On Sat, 31 Jul 2004, Meng Weng Wong wrote:
On Sat, Jul 31, 2004 at 11:33:46AM -0400, Larry Seltzer wrote:
| This page (http://www.messagelevel.com/spoofing.cfm#spoofex) appears
| have details on this particular phishing example, although nothing so
| straightforward as an actual message with headers.
A message with headers would be most informative, plus a
description of what OS and TCP software the receiving server
If TCP sequence number spoofing remains a viable attack, we
can construct an ESMTP ECHO field of the following form:
Spoofing TCP is quite difficult as TCP relies on acknoledgements from both
sides on each transmission. It takes very very very carefull planning to
do it right and get all the data properly timed.
On the other hand spoofing UDP is easy (its generally one-way
communication with no real establishment of sessions, etc) so if somebody
really wanted to get by with appearance of existing SPF record they could
do it by spoofing DNS TXT at the time of connection.
BTW - I strongly suspect the real USBANK ip address given came from forged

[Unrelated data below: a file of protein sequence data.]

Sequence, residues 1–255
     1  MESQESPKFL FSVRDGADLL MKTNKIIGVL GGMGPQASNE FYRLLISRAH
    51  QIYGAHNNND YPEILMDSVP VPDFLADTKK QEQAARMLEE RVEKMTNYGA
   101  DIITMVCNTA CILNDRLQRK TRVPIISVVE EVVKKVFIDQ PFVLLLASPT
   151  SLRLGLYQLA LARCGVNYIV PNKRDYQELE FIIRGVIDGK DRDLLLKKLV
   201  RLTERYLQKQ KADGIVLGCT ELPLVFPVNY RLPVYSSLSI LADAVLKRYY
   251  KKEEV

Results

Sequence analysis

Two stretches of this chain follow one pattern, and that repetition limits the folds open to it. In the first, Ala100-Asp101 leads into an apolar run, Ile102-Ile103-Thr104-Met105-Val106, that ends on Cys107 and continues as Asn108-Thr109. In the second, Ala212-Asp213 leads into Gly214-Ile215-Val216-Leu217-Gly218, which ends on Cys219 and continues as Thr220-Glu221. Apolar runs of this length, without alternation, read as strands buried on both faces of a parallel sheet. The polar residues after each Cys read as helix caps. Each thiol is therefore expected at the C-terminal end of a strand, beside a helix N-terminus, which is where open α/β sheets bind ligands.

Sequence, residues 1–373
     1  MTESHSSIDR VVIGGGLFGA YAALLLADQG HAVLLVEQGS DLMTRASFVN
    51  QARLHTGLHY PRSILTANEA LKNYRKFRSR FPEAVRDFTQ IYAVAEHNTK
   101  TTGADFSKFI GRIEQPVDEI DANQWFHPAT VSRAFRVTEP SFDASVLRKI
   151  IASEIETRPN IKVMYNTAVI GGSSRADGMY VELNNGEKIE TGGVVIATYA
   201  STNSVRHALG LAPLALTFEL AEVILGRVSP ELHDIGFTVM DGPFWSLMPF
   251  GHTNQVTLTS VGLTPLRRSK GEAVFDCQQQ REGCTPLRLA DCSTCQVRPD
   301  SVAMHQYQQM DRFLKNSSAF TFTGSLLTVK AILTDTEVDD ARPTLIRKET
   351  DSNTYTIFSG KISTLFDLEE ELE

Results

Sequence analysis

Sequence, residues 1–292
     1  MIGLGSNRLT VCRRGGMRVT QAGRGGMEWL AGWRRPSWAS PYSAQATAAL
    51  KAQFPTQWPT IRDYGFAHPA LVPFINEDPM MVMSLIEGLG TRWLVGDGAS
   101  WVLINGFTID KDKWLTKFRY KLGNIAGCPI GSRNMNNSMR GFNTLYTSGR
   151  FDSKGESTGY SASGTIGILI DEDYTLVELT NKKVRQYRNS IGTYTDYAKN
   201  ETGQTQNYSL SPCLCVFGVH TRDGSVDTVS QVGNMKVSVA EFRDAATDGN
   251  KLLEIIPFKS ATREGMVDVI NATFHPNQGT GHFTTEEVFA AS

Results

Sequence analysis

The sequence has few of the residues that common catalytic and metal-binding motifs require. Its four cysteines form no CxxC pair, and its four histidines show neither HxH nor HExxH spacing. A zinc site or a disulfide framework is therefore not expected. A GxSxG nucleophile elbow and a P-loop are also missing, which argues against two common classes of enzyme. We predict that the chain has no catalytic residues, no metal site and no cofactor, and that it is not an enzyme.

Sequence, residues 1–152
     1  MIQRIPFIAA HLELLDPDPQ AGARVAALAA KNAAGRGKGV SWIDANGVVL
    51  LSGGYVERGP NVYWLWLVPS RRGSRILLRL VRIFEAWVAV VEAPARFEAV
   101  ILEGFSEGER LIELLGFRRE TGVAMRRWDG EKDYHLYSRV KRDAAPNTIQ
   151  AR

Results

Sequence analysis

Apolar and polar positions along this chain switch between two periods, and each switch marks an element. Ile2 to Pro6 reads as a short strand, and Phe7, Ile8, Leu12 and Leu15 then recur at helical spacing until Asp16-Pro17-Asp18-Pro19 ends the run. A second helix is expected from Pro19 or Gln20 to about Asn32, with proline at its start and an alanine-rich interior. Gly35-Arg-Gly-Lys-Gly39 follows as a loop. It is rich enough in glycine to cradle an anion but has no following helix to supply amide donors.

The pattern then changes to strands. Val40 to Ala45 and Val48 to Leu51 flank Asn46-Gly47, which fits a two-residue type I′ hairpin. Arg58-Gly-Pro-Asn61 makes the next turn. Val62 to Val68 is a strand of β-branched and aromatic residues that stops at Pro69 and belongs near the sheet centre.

Received header but that the actual connection that delivered that
phishing email really came from another ip.
It could have spoofed as an internal bounce, as it did have a null return
path. This may be reason to reconcider protections for the return path.
It is also a reason to doubt SMTP is secure enough to offer assurances
beyond the immediate machine.
With respect to DNS, there is a 16 bit indentifier, but this is weak.
This can be enhanced to 32 bits, if the source port for a DNS query is
also random, rather than from Port 53 or a sequential selection.
With respect to SMTP innovations to offer improved protections, SCTP
prevents much of the possible attacks, with the use of a state cookie, and
reduced typical connection overhead. It also protects against DoS
attacks. There are stacks to readily adapt TCP to SCTP. This stack was
offered to a well-known desktop OS company, to stimulate acceptance of